* Bunds track Treasuries up as Republican proposal stumbles
* Last minute U.S. compromise still expected
* Safe-haven debt rally seen capped with year end looming
* Italian budget vote, Monti steer on elections eyed
By Emelia Sithole-Matarise
LONDON, Dec 21 (Reuters) - - German Bund futures pushed higher on Friday as a dramatic twist in U.S. budget talks raised the chances that fiscal tightening will take effect next year and tip the economy into recession.
Republicans in the U.S. House of Representatives surprisingly failed to muster enough support to pass a proposal to avert the series of tax hikes and spending cuts that are due to come into effect in about two weeks.
President Barack Obama had vowed to veto the proposal and the latest setback kicked global stocks down as investors scrambled into lower risk and highly liquid U.S. Treasuries and German Bunds.
“It (U.S. talks) doesn’t seem to be going particularly well so I can’t see why core markets should sell off at this point in time. But there’s not much activity with Europe only open for another two days of trading for the year,” a trader said.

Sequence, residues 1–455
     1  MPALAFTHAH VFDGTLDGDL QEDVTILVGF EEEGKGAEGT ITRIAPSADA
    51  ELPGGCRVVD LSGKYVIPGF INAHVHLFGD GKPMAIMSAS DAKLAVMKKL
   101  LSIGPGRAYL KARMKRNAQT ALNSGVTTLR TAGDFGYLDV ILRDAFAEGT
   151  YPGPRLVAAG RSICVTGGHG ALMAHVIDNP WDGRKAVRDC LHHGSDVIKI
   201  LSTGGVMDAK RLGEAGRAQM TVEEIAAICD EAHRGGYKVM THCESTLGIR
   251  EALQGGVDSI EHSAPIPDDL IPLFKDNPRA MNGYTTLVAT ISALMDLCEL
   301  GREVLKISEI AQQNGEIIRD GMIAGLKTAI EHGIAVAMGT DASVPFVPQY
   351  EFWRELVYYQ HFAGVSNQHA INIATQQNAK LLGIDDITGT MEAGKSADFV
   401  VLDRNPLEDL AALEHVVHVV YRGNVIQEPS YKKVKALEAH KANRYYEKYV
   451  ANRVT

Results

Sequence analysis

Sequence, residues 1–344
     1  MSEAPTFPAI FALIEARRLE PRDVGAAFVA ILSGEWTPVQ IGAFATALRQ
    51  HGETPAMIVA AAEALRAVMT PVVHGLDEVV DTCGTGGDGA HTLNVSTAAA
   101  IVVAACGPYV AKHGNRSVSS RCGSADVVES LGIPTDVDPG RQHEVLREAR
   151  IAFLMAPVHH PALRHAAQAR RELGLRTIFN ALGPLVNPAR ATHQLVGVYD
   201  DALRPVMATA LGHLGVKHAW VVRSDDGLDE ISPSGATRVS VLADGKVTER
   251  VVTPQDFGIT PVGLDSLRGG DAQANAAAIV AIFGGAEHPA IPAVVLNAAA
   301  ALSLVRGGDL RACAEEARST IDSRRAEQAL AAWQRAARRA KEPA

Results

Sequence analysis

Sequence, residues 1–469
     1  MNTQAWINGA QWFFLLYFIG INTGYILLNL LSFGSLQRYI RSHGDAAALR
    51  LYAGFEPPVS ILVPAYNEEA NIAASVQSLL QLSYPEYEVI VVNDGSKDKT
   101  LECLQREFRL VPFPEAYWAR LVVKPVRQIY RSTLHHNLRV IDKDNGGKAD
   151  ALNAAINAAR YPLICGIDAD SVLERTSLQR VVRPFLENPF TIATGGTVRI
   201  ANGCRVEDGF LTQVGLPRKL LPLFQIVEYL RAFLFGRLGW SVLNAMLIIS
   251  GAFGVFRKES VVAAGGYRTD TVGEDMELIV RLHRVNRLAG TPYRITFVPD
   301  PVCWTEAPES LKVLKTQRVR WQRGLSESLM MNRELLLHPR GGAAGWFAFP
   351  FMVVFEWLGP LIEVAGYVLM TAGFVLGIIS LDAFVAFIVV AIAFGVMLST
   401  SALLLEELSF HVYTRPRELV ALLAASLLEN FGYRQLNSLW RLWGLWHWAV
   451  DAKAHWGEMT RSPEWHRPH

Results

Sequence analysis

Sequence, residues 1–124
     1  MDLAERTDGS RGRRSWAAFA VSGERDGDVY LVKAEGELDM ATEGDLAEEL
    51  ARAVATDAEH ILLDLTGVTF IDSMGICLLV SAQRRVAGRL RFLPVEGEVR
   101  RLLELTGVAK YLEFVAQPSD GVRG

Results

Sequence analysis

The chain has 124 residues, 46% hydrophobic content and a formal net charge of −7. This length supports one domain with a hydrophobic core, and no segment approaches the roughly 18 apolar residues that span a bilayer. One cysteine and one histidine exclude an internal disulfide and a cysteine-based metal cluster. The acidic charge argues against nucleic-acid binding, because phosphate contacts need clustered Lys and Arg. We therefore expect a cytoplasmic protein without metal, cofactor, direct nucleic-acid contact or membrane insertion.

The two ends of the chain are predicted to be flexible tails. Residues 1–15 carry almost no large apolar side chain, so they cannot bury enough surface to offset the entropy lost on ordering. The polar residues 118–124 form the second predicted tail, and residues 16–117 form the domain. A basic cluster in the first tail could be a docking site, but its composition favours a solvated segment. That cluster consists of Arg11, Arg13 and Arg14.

Bund futures were last 30 ticks up at 144.62 with cash 10-year yields 2 basis points down at 1.39 percent .
German yields were, however, unlikely to end the year significantly lower from present levels with traders and strategists still expecting a last minute compromise in the U.S. negotiations.
“At the end of the day this could be good news as market reaction is quite negative on the latest failure to make progress. This will probably put pressure on politicians to achieve an agreement, even if it’s not a complete agreement,” Patrick Jacq, a strategist at BNP Paribas, said.
“So the rally in the govvies sector could be capped shortly. For the 10-year Bund, 1.35 percent is probably the level around which it could end the year.”
Traders were also watching events in Italy where legislators are expected to vote on the country’s 2013 budget that will pave the way to elections in February.
Outgoing technocrat Prime Minister Mario Monti is expected to announce at the weekend that he will participate in some way, either by endorsing parties that want him to return as premier or that he will run as a candidate.
Markets are keen for Monti to play a key role in the next government to ensure the country will stay the course on budget reforms that have eased investors’ fears it could be pulled back into the centre of the euro zone debt crisis.
Italian 10-year yields were last 2 basis points up at 4.44 percent with Commerzbank strategists saying the country’s last debt auction of the year on Dec. 28 could prompt some investors to book profits after the market’s recent sharp rally. (Editing by Chris Pizzey, London MPG Desk, +44 (0)207 542-4441)